How to Reinstate a Business

Sometimes small businesses fall into inactive, or bad, standing with the state. The entity is then dissolved, sometimes through voluntary or involuntary dissolution. However, it is possible to reinstate a small business. An LLC or corporation that has lapsed may be reinstated and brought back into good standing once again.

Do you want to reinstate a business, but aren’t sure where to begin or what is necessary to bring your company back into good standing? Let’s take a look at how business reinstatements work and what it takes to open your doors up again to the public.

Why was my business dissolved?

Before you can reinstate a business, it’s important to understand why your company was dissolved. Businesses are often dissolved on a voluntary and involuntary basis.

  • Voluntary. Perhaps a small business owner has decided to start a new business or believes this company has run its course. The owner then makes the decision to dissolve the company and formally close it with its state of incorporation.
  • Involuntary. Something has occurred that allows your business to slip into bad standing with the state. This could range from forgetting an annual report deadline or a check that bounces to pay a filing fee. The business then falls into bad standing. If no action is taken to bring it back into good standing, the company may be involuntarily dissolved.

If you are still unsure as to why your small business was dissolved, check in with your local Secretary of State. They will be able to provide further information about how your company fell out of compliance. Once you understand what happened, you may give your company a second chance and file to reinstate a business.

What do you need to reinstate a business?

In general, we advise anyone interested in reinstating a business to file for reinstatement as soon as possible. However, it is also advised that small business owners check in with their local Secretary of State. Some states have time limits for LLC and corporation reinstatements. For example, if you would like to reinstate a business in Georgia then you would need to file the paperwork within five years of the company’s dissolution.

Filing to reinstate a business means filling out an application for reinstatement. Keep in mind, however, that each state may have additional specifications for reinstatement filings.

Does it take more than an application to reinstate a business?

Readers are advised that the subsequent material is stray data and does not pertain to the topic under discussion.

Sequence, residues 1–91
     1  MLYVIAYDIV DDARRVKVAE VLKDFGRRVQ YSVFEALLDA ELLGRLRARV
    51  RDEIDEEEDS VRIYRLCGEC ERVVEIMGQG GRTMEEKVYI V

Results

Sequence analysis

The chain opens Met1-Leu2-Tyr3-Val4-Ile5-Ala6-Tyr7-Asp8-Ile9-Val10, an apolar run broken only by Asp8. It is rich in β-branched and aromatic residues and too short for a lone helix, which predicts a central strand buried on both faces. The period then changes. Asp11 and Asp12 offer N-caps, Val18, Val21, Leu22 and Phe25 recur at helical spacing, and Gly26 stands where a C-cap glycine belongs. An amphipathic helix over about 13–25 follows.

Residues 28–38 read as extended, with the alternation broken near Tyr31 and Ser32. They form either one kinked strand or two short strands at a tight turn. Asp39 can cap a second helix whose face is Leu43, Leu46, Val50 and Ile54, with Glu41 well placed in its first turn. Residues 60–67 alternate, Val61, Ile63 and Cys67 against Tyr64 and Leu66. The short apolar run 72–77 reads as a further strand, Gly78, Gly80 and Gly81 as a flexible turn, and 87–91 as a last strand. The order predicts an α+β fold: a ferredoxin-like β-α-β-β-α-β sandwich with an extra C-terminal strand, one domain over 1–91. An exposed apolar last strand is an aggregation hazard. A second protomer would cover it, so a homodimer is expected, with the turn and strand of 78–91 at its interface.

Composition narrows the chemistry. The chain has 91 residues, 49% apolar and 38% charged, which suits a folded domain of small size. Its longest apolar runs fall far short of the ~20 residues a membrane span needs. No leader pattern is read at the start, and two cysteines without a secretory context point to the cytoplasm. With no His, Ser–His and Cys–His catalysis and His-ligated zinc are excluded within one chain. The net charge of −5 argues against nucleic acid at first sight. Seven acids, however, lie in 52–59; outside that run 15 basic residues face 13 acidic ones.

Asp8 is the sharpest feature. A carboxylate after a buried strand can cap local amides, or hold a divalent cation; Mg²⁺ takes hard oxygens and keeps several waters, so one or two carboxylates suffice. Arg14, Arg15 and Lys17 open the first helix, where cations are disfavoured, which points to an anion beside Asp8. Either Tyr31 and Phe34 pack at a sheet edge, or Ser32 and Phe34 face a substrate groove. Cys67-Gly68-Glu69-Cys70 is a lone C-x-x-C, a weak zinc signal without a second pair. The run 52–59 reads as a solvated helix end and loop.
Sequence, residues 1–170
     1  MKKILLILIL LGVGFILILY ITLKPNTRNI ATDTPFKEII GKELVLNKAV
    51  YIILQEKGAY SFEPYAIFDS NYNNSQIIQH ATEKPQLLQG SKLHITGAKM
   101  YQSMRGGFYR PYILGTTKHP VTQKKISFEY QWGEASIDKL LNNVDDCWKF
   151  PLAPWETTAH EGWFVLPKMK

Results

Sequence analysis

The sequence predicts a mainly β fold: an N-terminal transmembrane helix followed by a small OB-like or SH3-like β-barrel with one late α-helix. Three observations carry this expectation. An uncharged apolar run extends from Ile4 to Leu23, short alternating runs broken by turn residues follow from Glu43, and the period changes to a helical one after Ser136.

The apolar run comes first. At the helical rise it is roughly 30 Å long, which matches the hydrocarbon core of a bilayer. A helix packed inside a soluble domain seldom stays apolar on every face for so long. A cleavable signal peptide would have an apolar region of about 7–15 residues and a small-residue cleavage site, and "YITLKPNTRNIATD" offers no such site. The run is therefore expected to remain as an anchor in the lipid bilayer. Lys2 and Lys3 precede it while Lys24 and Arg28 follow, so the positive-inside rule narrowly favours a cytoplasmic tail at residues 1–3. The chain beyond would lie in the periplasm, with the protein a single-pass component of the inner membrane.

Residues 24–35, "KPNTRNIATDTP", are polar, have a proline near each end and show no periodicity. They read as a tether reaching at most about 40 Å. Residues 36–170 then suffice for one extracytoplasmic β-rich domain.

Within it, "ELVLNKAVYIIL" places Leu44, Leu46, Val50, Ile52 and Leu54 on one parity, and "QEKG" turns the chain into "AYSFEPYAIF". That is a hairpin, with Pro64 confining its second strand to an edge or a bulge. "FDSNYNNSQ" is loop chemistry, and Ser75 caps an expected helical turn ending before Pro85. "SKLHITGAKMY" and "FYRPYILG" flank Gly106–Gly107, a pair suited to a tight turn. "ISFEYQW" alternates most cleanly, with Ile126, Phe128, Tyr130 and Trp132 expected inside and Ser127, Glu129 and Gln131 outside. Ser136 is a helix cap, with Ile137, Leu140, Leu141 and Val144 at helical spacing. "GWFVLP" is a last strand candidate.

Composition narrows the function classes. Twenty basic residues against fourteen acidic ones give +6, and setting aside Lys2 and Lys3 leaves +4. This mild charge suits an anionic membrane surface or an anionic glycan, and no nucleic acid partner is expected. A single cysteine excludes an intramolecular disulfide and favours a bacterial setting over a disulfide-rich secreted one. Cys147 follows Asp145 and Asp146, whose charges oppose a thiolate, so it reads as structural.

The answer is yes in most states. For example, let’s say you’d like to reinstate your Kentucky LLC or corporation. According to the Kentucky Secretary of State, you would need to submit a reinstatement packet. This packet would consist of your reinstatement application, filing fee, and a reinstatement annual report. Additionally, if there were changes made to your address, you would need to include a statement of change of principal office and registered office. Finally, you must submit a letter of good standing from the Kentucky Revenue Cabinet. This packet is then mailed and processed with the Kentucky Office of the Secretary of State.

What if you wanted to reinstate a corporation in a state like Illinois? The Office of the Illinois Secretary of State advises filing Form BCA 12.45, Application for Reinstatement. This form must be filed for domestic and foreign corporations. Additionally, dissolved corporations must also file annual reports for the years that were not filed with the Illinois Secretary of State.

Be prepared, at the bare minimum, to file an application for reinstatement when you reinstate a business. This application may be mailed in or filed online. Remember that filing fees may vary depending on the state you’re filing with, too.

If you are unsure whether your LLC or corporation needs to file any additional documents, contact your local Secretary of State. They’ll be able to let you know a full list of the proper paperwork to file depending on the entity you’d like to reinstate. Be sure to clarify whether or not your business is a domestic or foreign entity. Foreign entities may need to follow separate guidelines for reinstatement.

Remember to pay off any outstanding fees!

One of the final steps in reinstating a business is to pay off any outstanding fees the dissolved business may have accrued. For example, these may include leftover taxes or penalty fees. These fees must be paid in full before the company is reinstated. Set aside a bit of money in order to make these payments, particularly if you know you may need to pay a hefty fee.

Why should I reinstate a business?

Now that you understand how to reinstate a business, you may wonder why it’s a good idea to reinstate a business. Some entrepreneurs may decide that reinstating a business is not necessary. Their company had a great run. Now, it’s time to look ahead toward new ideas and ventures.

However, small business owners that choose to reinstate their business often do so because it gives them a second chance. Reinstatement brings businesses back into good standing with the state again. Through reinstating a business, they receive liability protection and tax benefits from incorporation. Small business owners are ready to open their doors for business again, knowing their business is fully in compliance.